In 1996, I was diagnosed with Fibromyalgia Syndrome (FMS) after suffering extreme fatigue, pain, and tenderness in my limbs for about 18 months.  FMS is chronic, widespread pain in the connective tissues that happens in certain areas of the body, mine more so in the legs.  In October 1997, I moved to a position in the Preservation Department “to get up on my feet more” instead of the computer desk job I previously had.  Recently I was also diagnosed with Plantar Fasciitis (PF), which is pain in the feet.  So now I have a lot of pain in my lower extremities.  My preservation job has me sitting for extended periods of time either at my office desk or at my bench in the lab, but I try to keep flexible by getting up every so often to stretch my legs and relieve the stiffness.  Staying physically active at work and home has helped.

Over the years, I have found ways to continue with my job while in pain.  I do a lot of batch work in book repair so when I have several items waiting to dry, press, or soak, I may move into the office and input books, make title labels or check items out of the inventory so I can ice my feet on a frozen water bottle while sitting.  Then it’s back to the lab to work on more books, anywhere from 10 to 20 at the same time.  I don’t stand much at my bench and have a nice comfortable chair with arms on it to rest upon.  I don’t rest my feet on the rail below my chair, but instead have a box to set my feet flat upon.  A stool would work equally well.  I try to walk around the lab and library when working as much as possible and even go walking on campus during my breaks and lunch time.  This relieves some stiffness and I get some exercise and feel refreshed.  On good days, I will take the stairs over the elevator to limber up.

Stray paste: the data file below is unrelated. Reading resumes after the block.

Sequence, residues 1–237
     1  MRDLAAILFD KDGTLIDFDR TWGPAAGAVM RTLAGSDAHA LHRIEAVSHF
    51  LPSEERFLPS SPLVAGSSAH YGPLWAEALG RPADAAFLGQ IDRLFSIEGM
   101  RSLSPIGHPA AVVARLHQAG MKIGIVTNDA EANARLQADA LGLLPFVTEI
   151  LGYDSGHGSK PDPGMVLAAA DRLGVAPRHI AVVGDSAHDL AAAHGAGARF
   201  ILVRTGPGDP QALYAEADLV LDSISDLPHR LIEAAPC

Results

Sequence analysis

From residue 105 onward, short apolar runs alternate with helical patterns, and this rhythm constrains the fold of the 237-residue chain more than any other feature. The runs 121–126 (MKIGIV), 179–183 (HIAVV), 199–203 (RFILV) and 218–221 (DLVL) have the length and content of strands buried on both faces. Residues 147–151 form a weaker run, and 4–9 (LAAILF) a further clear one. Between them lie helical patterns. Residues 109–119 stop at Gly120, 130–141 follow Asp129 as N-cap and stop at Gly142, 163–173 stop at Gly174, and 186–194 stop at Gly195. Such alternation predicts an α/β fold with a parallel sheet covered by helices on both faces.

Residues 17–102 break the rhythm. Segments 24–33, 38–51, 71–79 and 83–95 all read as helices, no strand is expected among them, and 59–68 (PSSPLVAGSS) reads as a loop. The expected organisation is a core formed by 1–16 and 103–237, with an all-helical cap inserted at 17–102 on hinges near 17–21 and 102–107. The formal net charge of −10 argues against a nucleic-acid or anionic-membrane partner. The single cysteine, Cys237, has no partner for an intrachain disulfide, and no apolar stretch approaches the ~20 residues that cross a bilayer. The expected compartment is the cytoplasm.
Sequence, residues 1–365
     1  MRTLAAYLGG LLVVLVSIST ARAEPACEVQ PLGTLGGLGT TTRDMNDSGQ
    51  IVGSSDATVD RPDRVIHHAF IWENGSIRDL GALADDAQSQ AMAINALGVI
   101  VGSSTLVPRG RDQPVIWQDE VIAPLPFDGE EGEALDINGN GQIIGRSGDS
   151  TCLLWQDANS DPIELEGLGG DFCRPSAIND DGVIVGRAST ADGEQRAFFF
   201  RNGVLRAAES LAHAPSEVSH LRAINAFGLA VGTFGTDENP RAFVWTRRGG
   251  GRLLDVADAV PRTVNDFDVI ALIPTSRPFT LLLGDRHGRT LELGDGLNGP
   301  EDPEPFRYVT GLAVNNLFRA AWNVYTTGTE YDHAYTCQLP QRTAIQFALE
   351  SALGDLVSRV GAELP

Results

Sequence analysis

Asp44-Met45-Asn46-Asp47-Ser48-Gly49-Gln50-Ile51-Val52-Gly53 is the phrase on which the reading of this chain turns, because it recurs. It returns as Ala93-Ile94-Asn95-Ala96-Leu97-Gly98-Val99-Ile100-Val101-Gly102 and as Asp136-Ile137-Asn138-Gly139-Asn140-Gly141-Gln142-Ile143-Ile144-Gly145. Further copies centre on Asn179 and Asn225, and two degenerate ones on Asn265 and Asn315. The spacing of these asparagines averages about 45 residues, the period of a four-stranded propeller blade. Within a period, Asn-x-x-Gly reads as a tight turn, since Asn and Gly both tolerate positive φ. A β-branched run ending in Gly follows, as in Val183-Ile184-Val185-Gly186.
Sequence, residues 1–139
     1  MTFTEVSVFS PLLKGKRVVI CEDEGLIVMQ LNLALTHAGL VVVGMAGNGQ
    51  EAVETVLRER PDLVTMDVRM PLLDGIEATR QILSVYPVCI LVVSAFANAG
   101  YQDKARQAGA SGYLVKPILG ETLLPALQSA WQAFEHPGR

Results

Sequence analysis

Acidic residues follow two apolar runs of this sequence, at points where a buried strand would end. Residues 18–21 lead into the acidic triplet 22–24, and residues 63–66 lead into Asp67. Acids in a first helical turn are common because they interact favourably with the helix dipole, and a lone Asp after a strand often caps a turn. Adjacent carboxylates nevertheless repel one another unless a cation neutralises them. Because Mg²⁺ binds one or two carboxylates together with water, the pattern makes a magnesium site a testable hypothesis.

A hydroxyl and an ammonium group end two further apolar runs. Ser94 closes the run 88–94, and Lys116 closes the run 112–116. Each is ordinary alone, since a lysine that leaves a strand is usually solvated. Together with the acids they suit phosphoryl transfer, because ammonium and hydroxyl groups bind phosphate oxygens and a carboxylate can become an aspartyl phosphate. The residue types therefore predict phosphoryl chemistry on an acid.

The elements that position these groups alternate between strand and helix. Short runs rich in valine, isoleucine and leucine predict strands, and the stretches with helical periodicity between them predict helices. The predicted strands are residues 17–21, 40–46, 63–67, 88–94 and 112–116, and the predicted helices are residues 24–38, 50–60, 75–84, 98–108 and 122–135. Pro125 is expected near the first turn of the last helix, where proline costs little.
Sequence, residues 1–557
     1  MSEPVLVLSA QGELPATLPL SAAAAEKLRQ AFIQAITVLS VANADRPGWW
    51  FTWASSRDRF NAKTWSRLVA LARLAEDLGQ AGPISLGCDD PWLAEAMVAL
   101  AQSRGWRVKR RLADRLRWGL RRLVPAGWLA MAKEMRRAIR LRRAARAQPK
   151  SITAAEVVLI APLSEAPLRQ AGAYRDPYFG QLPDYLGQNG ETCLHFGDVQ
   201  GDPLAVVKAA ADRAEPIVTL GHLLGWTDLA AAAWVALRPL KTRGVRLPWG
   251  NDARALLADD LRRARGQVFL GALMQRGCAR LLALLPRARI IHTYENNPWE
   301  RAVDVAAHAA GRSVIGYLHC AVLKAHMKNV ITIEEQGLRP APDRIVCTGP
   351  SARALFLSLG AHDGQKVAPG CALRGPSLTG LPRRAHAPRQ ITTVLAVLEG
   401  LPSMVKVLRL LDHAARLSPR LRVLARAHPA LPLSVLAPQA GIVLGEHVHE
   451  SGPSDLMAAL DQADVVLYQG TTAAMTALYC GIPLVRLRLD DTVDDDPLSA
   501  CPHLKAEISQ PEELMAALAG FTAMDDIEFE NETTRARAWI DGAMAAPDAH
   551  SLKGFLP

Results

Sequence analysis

Some days my coordination isn’t good, and my fingers don’t work as well, so there are some book treatments I will not attempt to do until I have a better day.  This can include tip-ins, gluing down end sheets in full repairs and recases, and turning in the ends of rebacks.  I must feel confident that my fingers will work well enough to do the job, or the books can wait a day or two to be completed.  In January this year, I fell and broke my left hand, which brought on new challenges with my job repairing books.  I did a lot of prep work of the books, such as taking them apart and cleaning them, so when my hand healed I had books ready to complete.

I am currently with a new doctor and trying a new medicine for FMS as well as wearing night splints for PF.  So far, I am seeing positive results already and reduced pain.  Every person is different with FMS, so treatment is not the same from person to person. I am thankful my job allows for flexibility on my good and bad days with FMS and am appreciative of my supportive fellow co-workers who understand my painful days.